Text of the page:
The fresh prince and my dad
This is the perfect time to write about this, as of what recently happened. Apparently, Will and I share a few things together. Although we handled it differently.
trigger warning: talks of abuse past this point (in the video and in my own story):
His dad was different then mine, but we both have one event that is engraved in our memory and never will be erased. I have 2 that shaped my relationship with my dad, well into adulthood. I will tell you both of them.
The spaghetti incident
This is how it will always be in my mind. The spaghetti incident. I have rationalized it now and have thought about this many, many times in my life and I get it now. I get that it wasn’t my dad’s fault in how he reacted. That’s what he did, he reacted. Not in the right way, but he can not take it back now, like many things in his life.
My mom and dad were fighting during dinner time. My siblings sat on the opposite side of the table, I sat left side of my mom. Dad was at the head of the table. Mom was serving spaghetti. We had that pot until I was thrown out. My dad wanted to start a business and had bought supplies for it, with his own money. We didn’t have any money issues at that point, as he earned good money and he used an extra he had for what he bought. My mom got furious. She refused to serve him food that evening. I wanted to talk sense into him and he said words that were etched in my mind. “zwijgt gij, snotneus” (silence, you snot-nosed little bastard). He wrestled my mom for the pot and swung at her. My mom started to back away from the table. He took the pot and swung at her. My siblings, both older than me, were frozen at the table. I got into fight or flight mode. My dad started chasing my mom, and because at that time he was taller than me, I started to assess the situation. I had to stop him or it would end bad. I was 5-6 at the time. He had to pass a couch to follow my mom, so I jumped on the couch and the moment he passed I hung around his neck. Giving my mom ample time to get away and gave him time to calm down. He never hit me. He never got angry. He set me down and that’s when the memory stops. I don’t know a thing past this point, the only thing I do know, is that he never hit my mom with that pot. I don’t think I even finished the meal that night. My siblings never moved from their seat to comfort me or anything.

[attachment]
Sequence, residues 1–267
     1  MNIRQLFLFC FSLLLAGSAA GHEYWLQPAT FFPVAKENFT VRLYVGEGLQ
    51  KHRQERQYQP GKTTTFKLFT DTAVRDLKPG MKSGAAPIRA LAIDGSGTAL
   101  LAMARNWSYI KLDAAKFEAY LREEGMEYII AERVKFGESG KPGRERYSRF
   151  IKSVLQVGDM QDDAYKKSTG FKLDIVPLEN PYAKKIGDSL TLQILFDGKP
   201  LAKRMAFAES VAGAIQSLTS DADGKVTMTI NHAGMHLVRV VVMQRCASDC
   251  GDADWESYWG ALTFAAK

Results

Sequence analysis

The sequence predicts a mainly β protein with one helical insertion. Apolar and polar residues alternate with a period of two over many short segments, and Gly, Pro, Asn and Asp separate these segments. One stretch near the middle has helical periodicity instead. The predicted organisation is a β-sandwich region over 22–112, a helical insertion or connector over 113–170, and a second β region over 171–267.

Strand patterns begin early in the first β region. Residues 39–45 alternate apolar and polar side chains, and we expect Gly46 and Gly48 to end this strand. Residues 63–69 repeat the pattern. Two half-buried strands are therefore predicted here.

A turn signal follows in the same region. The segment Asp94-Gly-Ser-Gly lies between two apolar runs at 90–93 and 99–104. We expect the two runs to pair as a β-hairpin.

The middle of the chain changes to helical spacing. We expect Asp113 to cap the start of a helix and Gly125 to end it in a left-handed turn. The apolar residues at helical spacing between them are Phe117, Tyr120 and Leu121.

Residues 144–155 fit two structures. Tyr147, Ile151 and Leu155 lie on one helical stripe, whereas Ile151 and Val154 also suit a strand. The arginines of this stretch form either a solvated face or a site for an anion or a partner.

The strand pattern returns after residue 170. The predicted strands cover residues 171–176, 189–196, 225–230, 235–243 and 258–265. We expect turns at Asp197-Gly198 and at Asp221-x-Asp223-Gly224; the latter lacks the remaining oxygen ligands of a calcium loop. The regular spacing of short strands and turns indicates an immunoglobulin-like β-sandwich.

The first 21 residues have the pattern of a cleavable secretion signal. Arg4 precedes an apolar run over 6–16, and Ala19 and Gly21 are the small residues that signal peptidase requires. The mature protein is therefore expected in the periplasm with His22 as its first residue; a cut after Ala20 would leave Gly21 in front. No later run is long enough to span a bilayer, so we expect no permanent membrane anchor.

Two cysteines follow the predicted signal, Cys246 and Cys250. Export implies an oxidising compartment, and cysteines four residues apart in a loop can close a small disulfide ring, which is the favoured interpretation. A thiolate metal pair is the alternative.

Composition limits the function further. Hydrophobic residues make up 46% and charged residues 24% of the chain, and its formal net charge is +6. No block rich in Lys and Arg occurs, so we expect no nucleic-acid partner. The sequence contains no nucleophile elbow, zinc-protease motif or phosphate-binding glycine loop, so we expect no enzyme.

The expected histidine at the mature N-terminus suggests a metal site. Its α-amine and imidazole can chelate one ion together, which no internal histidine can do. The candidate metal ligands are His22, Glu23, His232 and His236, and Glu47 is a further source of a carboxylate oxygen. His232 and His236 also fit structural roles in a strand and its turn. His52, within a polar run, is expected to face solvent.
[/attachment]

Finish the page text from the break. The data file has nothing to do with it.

I didn’t know any better and filed this one away, until years later. During the divorce, my dad didn’t pick me up at certain weekends. Now I have an idea why, and I will tell you why, after the second story and what it has to do with Will Smith.